Sometimes big change comes from small beginnings. That’s especially true in the research of Anatoly Frenkel, a prof. of physics at Yeshiva Univ., who is working to reinvent the way we use and produce energy by unlocking the potential of some of the world’s tiniest structures: nanoparticles.
As microelectronics get smaller and smaller, one of the biggest challenges to packing a smartphone or tablet with maximum processing power and memory is the amount of heat generated by the tiny “switches” at the heart of the device. A complex metal-oxide film could help reduce the voltage required to switch electronic signals, and thus the excessive energy they require.
When it comes to designing extremely water-repellent surfaces, shape and size matter. That's the finding of a group of scientists at Brookhaven National Laboratory, who investigated the effects of differently shaped, nanoscale textures on a material's ability to force water droplets to roll off without wetting its surface.
Scientists at Brookhaven National Laboratory have developed a general approach for combining different types of nanoparticles to produce large-scale composite materials. The technique opens many opportunities for mixing and matching particles with different magnetic, optical or chemical properties to form new, multifunctional materials or materials with enhanced performance for a wide range of potential applications.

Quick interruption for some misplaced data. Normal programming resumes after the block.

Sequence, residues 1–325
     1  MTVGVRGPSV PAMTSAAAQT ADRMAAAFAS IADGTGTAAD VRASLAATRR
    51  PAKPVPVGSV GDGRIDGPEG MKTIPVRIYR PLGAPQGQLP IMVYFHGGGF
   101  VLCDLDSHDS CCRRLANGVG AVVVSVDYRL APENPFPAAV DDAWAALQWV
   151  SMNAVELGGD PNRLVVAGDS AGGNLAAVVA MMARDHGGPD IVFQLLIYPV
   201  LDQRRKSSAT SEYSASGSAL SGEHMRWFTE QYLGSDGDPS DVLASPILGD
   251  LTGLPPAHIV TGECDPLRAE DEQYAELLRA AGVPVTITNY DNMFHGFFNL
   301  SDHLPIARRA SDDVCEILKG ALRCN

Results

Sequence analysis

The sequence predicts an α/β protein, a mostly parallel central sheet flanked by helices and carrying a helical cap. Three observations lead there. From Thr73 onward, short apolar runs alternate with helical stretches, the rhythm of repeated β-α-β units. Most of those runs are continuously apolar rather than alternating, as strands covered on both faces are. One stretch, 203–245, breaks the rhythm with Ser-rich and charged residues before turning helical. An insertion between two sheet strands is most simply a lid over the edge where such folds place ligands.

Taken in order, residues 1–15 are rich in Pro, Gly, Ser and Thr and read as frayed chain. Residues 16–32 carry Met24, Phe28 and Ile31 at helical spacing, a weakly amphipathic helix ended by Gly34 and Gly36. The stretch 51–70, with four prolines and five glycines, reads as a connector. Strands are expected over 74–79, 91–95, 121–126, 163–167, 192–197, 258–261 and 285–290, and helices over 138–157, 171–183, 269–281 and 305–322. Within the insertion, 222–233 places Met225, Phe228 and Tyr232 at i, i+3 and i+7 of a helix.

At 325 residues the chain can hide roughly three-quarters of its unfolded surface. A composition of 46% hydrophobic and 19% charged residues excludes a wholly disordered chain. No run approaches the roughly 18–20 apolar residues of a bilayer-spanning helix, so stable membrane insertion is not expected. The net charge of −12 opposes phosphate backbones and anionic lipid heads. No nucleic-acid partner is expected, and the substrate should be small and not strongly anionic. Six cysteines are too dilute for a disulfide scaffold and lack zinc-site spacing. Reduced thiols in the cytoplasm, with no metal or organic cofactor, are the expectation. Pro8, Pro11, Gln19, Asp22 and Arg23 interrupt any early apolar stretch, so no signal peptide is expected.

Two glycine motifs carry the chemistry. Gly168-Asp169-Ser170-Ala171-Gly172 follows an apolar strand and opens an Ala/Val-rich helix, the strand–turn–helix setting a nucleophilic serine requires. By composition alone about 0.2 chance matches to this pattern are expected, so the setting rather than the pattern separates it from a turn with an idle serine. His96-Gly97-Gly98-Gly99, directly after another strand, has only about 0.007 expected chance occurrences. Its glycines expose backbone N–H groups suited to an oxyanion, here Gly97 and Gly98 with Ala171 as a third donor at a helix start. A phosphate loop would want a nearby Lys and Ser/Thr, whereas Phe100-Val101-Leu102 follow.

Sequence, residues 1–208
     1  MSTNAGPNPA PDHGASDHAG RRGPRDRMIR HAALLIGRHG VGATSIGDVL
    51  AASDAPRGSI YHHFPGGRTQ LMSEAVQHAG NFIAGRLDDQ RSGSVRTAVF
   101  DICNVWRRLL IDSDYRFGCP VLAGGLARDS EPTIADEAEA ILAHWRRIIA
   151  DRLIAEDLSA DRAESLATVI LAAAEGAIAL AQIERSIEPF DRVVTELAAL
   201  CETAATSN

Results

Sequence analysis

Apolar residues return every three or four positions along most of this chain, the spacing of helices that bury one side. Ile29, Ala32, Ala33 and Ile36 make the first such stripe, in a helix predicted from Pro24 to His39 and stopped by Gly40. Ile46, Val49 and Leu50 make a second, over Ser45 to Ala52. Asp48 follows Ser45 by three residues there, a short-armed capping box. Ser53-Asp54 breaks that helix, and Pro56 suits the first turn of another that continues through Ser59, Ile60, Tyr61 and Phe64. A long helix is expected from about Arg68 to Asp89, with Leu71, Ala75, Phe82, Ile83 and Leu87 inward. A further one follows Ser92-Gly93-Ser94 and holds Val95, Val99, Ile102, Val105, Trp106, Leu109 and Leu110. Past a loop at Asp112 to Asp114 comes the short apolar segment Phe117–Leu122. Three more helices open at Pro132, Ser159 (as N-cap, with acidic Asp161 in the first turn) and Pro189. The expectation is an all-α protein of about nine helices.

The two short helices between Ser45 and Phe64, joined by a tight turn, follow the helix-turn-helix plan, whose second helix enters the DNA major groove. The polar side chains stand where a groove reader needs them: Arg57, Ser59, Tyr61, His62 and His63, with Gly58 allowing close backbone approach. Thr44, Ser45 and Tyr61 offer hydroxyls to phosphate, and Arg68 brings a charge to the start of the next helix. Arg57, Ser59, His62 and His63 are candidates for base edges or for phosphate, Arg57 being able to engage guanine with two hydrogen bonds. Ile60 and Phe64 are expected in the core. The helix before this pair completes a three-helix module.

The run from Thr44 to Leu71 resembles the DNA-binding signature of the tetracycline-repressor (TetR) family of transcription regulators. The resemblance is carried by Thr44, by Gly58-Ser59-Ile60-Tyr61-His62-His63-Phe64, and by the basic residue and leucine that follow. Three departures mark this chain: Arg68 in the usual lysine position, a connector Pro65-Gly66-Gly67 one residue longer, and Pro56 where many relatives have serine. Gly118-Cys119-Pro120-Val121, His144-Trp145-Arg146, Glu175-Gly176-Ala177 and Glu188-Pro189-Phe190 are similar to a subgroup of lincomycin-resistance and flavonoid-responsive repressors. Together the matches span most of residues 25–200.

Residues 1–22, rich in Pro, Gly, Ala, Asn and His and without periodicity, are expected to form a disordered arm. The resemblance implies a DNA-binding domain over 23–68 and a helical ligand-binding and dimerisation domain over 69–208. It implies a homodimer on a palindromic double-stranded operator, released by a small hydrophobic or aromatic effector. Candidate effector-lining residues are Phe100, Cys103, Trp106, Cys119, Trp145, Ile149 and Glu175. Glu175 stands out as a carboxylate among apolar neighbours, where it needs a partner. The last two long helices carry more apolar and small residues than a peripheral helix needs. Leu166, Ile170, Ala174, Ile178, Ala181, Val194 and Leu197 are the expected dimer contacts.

Scientists at Brookhaven National Laboratory have identified the key genes required for oil production and accumulation in plant leaves and other vegetative plant tissues. Enhancing expression of these genes resulted in vastly increased oil content in leaves, the most abundant sources of plant biomass—a finding that could have important implications for increasing the energy content of plant-based foods and renewable biofuel feedstocks.